Food serves many purposes in our daily lives. It’s most obvious, and most important is as a means for survival. But, it also serves as a uniting social force, a way to learn about different cultures and a tool to help achieve health and happiness. These food documentaries all examine food through four, distinct lenses.


Super Size Me

Super Size Me was one of the first food documentaries to hit mainstream culture. In it, Morgan Spurlock examines the effects that a McDonald’s diet has on your health. For a 30-day period, Spurlock ate McDonald’s three times a day, and also supersized the meal if he was asked. The film documents the drastic changes the diet has on both his physical and psychological well-being.


Fat, Sick and Nearly Dead

Joe Cross was overweight and suffering from an autoimmune disorder when he decided to embark on a mission to restore his health. He gave up junk food and turned to juicing in an attempt to get healthy. For 60 days, he drank nothing but fresh fruit and vegetable juice while road tripping across America and speaking to others about their health. Along the way, he meets a truck driver with the same rare autoimmune disorder as him.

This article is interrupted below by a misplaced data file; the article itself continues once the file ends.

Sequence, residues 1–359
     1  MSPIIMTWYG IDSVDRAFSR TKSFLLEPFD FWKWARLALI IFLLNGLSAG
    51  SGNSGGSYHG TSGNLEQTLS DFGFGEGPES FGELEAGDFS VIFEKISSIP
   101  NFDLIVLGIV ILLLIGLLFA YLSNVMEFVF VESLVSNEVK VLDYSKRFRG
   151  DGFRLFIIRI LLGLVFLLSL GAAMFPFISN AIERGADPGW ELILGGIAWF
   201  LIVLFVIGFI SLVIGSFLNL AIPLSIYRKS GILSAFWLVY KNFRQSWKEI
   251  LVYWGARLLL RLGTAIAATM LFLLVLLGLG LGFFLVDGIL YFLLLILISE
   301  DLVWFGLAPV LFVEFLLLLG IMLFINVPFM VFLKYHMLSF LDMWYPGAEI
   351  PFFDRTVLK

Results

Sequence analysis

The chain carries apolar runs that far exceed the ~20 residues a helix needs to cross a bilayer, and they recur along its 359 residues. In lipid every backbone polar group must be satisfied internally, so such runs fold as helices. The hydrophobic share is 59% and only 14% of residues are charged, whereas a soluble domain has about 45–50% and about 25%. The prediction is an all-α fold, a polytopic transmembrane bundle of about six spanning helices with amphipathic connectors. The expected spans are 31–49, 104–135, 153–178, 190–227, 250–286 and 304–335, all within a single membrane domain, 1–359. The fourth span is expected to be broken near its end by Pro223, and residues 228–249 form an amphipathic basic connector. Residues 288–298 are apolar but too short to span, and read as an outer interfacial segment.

Forks over Knives

Forks over Knives seeks to answer the question if degenerative diseases can be controlled, or cured, by removing animal-based and processed foods from our diet. The film follows the journey of “reality patients” with chronic diseases ranging from heart disease to diabetes, as they learn how to adopt a whole-food diet as a way to approach their medical issues.


Jiro Dreams of Sushi

Jiro Dreams of Sushi tells the story of 85-year-old Jiro Ono, considered to be the world’s greatest sushi chef. He’s the owner of Sukiyabashi Jiro, a Michelin three-star sushi-only restaurant that only seats ten and is located inside of a Japanese subway station. The film is a thoughtful story chronicling Jiro’s success in the culinary world and his complicated, but loving, relationship with his children.